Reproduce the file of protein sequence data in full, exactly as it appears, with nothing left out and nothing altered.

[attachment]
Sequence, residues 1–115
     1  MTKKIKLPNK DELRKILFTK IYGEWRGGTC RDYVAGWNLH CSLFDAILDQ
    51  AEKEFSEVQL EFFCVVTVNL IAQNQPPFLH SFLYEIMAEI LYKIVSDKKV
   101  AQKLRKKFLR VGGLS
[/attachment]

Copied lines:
Sequence, residues 1–115
     1  MTKKIKLPNK DELRKILFTK IYGEWRGGTC RDYVAGWNLH CSLFDAILDQ
    51  AEKEFSEVQL EFFCVVTVNL IAQNQPPFLH SFLYEIMAEI LYKIVSDKKV
   101  AQKLRKKFLR VGGLS